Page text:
While you can make your own beef jerky, many store-bought products contain artificial additives, flavors, and even sugar. Say no thanks to that! So, instead, I make my own. It’s actually pretty easy and works out so much cheaper than the store bought stuff anyhow. I’m pretty sure that once you try making your own, you’ll never go back to buying beef jerky again – it’s the perfect low-carb snack!
2.5 lbs. beef joint – top side or silver side work well but any joint will probably work
2 tablespoons garlic pepper
2 tablespoons chili flakes – optional
Place the beef in the freezer for one hour. This makes the meat firmer and easier to cut. Don’t let it freeze though!
Take a very sharp cooking knife and cut the meat into strips around 1/8-inch-thick and 4-inches-long. There is no need to be especially accurate so long as the thickness is fairly uniform. Think thick, short bacon rashers. Avoid cutting the meat too thinly though as it will dry too much and become brittle.
Layer the beef slices on a plate and sprinkle each layer with the garlic pepper and chili flakes if you are using them. Cover the plate with aluminum foil and leave in the fridge overnight so the flavors infuse into the meat.
The next day, take the strips of beef and stick a wooden cocktail stick through the end of each one. Suspend each slice between the rails of your oven rack. Place the meat fairly close together as you’ll need all the space you’ve got but don’t let any of the meat touch. Your oven should now resemble a cave with dozens of beef stalagmites! Place a sheet of aluminum foil under the meat tendrils to catch any fat that drips down.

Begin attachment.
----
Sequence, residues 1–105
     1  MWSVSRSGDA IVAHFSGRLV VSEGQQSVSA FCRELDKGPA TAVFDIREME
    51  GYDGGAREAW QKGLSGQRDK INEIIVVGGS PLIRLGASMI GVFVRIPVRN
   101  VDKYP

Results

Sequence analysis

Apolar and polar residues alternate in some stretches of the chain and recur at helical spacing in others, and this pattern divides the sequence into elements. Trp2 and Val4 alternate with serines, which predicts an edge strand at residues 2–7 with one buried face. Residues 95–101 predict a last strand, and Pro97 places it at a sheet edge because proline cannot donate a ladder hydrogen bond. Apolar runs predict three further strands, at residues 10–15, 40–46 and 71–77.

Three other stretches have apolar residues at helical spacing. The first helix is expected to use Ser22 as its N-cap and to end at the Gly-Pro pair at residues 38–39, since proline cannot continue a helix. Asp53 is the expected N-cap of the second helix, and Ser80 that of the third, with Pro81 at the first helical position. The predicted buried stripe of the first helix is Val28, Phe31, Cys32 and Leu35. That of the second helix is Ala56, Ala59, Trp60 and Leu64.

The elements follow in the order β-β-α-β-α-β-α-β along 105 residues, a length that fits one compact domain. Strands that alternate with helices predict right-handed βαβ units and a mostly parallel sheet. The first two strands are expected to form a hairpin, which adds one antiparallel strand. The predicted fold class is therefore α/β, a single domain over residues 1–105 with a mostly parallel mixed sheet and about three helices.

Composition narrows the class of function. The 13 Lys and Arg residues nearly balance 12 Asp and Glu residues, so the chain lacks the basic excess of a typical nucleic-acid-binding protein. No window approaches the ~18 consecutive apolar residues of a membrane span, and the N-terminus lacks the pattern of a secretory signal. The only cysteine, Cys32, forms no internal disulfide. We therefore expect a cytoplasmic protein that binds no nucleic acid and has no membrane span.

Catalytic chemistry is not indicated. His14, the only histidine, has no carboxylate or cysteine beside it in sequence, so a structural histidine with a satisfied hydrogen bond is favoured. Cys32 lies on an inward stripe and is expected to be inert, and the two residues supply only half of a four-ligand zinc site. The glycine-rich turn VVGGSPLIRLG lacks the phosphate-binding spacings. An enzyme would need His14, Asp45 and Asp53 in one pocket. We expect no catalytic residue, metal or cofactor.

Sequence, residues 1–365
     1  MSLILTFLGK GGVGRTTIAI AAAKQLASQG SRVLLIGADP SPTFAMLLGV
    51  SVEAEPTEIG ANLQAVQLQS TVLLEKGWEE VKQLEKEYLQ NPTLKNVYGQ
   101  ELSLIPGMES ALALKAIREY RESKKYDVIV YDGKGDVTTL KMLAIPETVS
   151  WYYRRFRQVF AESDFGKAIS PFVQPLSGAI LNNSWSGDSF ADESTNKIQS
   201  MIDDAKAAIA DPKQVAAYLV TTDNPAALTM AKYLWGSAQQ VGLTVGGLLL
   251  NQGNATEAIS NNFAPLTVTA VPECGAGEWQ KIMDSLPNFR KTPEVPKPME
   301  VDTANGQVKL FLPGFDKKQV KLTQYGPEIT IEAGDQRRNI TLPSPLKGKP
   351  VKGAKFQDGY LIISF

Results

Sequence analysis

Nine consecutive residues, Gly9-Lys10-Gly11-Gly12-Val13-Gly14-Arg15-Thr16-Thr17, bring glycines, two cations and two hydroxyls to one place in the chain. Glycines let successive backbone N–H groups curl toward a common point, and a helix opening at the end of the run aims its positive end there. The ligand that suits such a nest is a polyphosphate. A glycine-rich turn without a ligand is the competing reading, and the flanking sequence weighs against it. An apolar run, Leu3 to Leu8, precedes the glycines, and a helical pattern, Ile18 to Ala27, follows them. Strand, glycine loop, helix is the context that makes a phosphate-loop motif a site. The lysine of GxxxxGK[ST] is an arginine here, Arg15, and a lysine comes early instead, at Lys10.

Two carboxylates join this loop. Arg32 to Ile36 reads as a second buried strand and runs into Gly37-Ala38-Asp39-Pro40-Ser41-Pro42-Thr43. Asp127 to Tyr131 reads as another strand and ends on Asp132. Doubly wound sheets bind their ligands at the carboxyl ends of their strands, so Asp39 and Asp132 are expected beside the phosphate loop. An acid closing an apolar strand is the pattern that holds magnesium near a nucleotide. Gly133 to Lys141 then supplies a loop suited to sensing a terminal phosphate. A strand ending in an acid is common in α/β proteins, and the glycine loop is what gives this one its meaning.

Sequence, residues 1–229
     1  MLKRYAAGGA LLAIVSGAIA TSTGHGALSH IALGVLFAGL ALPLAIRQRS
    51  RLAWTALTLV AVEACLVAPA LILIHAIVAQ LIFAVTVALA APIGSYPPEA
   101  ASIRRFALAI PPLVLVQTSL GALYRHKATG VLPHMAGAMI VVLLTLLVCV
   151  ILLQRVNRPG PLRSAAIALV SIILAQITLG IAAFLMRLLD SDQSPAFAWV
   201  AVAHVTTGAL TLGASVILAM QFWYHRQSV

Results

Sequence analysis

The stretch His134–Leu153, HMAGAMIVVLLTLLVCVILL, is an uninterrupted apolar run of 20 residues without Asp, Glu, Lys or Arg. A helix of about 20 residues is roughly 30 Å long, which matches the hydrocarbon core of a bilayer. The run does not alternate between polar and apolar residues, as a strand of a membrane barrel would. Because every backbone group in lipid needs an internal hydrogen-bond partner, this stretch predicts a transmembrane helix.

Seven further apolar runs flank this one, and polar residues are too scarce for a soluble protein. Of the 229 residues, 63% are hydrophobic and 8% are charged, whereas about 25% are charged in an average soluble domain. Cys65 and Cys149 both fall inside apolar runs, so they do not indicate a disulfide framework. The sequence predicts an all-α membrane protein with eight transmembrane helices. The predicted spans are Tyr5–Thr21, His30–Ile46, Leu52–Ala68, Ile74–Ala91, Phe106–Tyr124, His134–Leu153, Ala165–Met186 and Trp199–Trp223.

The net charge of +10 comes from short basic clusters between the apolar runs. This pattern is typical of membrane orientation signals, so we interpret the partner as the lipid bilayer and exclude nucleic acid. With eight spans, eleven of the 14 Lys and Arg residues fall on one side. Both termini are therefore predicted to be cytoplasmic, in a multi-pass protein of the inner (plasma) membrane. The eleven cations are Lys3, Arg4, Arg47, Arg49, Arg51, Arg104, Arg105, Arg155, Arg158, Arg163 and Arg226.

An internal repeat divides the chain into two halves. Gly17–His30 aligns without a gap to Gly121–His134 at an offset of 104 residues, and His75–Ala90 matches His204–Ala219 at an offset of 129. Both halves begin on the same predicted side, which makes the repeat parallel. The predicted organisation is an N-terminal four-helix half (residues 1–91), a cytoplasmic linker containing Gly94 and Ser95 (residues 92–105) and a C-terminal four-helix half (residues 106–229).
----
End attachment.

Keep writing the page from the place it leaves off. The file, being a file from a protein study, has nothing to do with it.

Turn on your oven and set it to 125 degrees centigrade. Close the door but prop it open using a wooden spoon or similarly nonconductive item. The idea is to let the moisture escape so it’s essential the door remains slightly ajar.
Leave the jerky to dry for between three to five hours. Check it every hour or so after two hours have elapsed. When ready, the meat should crack when you bend it but not snap. Remember you are not cooking the meat but simply drying it out.
Once the jerky is done to your satisfaction, remove it from the oven and take out all the cocktail sticks. Allow the meat to cool and then store in an airtight box and place in the fridge. If you intend to store your jerky for more than a week, you might want to freeze it although cowboys used to store it under their saddles for months on end so you should be okay. If you do freeze it, it only takes 30 minutes or so to defrost at room temperature.
Nutritional information per two-ounce serving
Protein 28 grams
Carbohydrate 10 grams
Fat 7 grams